www.AbeFilms.com

              From the river to the sea

              Comment


                Originally posted by CharlesPapert View Post

                You stalking me mate?! Ha. Yes you mentioned you were working your way through West Wing. One of my favorite shots was one I did with CJ and Danny was this one sliding through a funky stairwell connected to the press room (although it wasn't actually). For some reason the message board doesn't like this link, but it works if you cut and paste vs clicking it: https://vimeo.com/papert/steadicam?share=copy#t=140

                And the alien imposter sketch is also close to my heart, because that's my trusty old silver Honda CRV behind them in the first :30 of the clip. I remember suggesting we leave the door open because nothing says abandoned car more than...an open door?! https://youtu.be/U8yzhumtZ4w?si=HKwejO_LnuUa2VaZ
                Key & Peele comes up surprisingly often, maybe because the sketches had such strong and memorable concepts. Just on Tuesday, a PA said to me "insubordinate and churlish" and I flagged the Substitute Teacher reference. Then we went through all the mispronounced names we could remember. Then he brought up a capalla group already has a black guy sketch and I brought up the Magical Negro Fight, one of the best. ("THERE CAN BE ONLY ONE...")

                That's a nice shot in the West Wing. I like the way you moved into a tight close-up on CJ and then pulled back and let Danny in the frame. Very dynamic. A lot of nice work in that reel.

                John Brawley told me he was rewatching the West Wing, and I thought to myself gee, I haven't even seen it a first time. (He had a baby recently and I think he's been watching it while he watches the baby.) Then in Leave the World Behind, the white daughter says she's seen "only the Aaron Sorkin seasons." I didn't realize he wrote so much of it and I thought yeah, I can manage 4 seasons. 7 would be a lot. I've been trying to watch more movies lately and less TV.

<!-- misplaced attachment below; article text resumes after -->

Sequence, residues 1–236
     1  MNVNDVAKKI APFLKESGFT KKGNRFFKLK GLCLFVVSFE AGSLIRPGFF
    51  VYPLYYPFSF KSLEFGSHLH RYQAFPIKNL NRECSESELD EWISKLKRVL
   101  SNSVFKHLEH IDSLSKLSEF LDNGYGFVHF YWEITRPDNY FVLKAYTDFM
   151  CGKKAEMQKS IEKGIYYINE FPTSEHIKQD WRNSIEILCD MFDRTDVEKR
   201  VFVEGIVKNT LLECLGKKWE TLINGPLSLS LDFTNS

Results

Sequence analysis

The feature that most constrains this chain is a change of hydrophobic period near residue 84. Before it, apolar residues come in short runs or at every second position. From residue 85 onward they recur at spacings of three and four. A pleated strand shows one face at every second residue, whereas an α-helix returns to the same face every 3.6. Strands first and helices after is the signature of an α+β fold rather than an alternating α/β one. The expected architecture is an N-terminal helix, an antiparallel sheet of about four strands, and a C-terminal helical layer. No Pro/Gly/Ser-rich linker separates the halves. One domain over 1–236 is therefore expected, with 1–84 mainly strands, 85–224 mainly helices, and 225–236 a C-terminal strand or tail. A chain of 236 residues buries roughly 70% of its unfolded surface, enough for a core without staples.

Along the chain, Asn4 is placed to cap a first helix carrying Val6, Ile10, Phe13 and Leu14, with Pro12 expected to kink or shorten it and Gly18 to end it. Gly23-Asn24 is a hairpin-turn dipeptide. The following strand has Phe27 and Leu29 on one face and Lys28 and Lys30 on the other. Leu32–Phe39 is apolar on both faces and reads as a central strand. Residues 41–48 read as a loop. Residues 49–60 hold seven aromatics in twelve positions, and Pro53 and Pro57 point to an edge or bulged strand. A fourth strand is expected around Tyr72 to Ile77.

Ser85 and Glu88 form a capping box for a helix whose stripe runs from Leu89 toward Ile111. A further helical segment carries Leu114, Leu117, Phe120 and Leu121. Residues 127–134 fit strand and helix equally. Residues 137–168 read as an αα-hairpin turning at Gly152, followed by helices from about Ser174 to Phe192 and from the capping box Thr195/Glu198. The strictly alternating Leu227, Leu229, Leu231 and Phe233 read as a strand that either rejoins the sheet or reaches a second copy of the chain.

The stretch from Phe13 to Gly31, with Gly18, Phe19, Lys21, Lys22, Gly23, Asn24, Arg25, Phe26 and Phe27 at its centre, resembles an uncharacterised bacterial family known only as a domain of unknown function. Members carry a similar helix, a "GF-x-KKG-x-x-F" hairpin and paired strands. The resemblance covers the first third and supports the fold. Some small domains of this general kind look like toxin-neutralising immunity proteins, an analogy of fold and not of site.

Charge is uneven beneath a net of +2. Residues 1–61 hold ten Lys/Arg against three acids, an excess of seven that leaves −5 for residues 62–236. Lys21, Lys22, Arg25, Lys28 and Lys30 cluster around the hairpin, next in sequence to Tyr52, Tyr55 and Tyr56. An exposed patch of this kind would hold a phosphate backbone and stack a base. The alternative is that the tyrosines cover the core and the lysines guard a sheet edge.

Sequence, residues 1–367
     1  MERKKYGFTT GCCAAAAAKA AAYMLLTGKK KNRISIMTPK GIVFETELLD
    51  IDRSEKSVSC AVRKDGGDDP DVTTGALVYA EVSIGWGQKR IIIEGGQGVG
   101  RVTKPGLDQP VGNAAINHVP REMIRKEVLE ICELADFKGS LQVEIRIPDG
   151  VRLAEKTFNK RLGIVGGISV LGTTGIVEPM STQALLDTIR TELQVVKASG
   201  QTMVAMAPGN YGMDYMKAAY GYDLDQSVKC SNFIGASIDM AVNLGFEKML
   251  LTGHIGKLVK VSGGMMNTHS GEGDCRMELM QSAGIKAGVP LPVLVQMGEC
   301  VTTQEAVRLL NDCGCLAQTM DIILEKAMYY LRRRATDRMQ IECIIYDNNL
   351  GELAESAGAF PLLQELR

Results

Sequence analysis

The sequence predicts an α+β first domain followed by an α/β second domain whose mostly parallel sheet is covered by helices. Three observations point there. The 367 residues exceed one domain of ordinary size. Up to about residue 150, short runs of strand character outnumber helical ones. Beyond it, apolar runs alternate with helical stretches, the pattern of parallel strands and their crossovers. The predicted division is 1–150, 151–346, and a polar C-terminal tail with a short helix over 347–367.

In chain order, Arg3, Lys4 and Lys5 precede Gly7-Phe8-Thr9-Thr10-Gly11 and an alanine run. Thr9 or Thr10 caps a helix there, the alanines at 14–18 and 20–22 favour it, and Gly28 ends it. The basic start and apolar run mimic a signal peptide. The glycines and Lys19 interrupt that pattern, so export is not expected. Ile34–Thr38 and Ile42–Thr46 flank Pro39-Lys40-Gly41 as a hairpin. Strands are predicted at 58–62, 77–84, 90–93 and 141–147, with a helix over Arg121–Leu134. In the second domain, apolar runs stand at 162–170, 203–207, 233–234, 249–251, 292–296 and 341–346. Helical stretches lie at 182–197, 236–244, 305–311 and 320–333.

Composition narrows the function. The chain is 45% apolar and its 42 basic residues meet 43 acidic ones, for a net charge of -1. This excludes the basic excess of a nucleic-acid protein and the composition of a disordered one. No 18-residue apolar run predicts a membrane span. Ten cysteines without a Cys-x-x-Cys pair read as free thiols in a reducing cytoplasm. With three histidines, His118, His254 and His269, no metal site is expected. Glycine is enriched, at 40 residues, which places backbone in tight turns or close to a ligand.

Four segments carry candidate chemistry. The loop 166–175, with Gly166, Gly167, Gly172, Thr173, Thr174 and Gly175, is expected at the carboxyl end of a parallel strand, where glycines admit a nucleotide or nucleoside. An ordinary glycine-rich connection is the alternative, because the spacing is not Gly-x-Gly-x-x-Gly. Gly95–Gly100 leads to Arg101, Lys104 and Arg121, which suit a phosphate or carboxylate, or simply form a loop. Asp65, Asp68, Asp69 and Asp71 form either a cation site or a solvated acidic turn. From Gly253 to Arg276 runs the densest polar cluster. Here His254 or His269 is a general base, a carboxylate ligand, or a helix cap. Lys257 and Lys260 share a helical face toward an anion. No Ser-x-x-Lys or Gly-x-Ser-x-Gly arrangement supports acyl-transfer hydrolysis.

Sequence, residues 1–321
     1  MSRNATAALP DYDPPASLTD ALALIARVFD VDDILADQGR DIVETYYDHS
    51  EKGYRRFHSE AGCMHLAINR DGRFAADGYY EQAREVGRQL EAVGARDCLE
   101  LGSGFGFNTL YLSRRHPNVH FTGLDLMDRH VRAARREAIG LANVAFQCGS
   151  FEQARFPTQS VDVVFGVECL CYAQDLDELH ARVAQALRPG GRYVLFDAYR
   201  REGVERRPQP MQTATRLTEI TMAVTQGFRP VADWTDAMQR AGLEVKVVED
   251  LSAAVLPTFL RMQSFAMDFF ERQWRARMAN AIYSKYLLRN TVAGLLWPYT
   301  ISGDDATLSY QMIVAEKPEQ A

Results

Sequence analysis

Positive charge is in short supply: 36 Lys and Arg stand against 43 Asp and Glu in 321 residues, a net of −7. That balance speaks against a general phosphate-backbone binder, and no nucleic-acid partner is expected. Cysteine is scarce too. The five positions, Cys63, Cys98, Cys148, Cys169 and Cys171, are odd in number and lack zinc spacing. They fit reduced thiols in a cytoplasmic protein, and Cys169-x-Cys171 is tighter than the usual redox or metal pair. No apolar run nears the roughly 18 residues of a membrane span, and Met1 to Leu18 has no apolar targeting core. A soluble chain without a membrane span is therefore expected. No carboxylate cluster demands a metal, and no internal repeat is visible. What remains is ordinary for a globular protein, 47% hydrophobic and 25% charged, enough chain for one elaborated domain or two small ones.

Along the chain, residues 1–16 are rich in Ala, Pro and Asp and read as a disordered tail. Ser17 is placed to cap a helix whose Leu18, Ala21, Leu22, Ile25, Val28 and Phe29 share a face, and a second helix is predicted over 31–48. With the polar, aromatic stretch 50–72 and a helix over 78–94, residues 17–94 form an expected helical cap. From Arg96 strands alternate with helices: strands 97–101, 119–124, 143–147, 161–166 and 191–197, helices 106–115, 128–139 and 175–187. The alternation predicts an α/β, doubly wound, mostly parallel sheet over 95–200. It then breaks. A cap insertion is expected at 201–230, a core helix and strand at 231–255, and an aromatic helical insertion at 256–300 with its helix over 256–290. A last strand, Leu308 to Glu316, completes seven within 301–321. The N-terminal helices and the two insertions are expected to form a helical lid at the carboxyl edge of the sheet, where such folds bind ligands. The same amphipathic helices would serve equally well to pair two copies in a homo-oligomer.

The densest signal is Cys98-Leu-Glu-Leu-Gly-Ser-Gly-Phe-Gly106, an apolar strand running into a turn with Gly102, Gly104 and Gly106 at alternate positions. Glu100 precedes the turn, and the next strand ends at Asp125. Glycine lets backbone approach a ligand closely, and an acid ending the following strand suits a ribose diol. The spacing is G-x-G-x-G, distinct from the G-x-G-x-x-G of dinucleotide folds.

On a technical level, the West Wing is really superb.
                www.AbeFilms.com

                From the river to the sea

                Comment


                  I bought a boxed DVD set of the entire West Wing series a few years ago and never found time to watch it. Now I guess I'd be better off streaming.
                  Doug Jensen, Sony camcorder instructor
                  HOW TO MAKE MONEY SHOOTING STOCK
                  http://www.dougjensen.com/

                  Comment


                    I haven't watched West Wing in a while and to find that one clip I re-watched that particular episode (In Excelsis Deo, S1 E10). It reminded me again how great the performances were, and how musical Sorkin's writing rhythms could be. It's certainly a time capsule. On a personal level, it was a mixed experience overall--the hardest I'd ever worked physically on a TV show (even notched up from ER), and not an easy set to be on tonally. Of the cast members, I had nothing but adoration for Alison Janney who was a love, and Brad Whitford who was an utter hoot. At that time I was doing a lot of dayplaying and short stints on shows, flitting from flower to flower, and on this one I was getting the crap beat of me daily so I didn't stick around too long. But it is fun to look back at those episodes (a little shocking that it was 25 years ago now!), and remember hurtling around those hallways and sliding through doorways. Also a little wild seeing it in 16:9, since we were still very much composing for 4:3 and sort-of protecting the outsides. A few years back I noticed this particular moment and captured it, there are quite a few like it.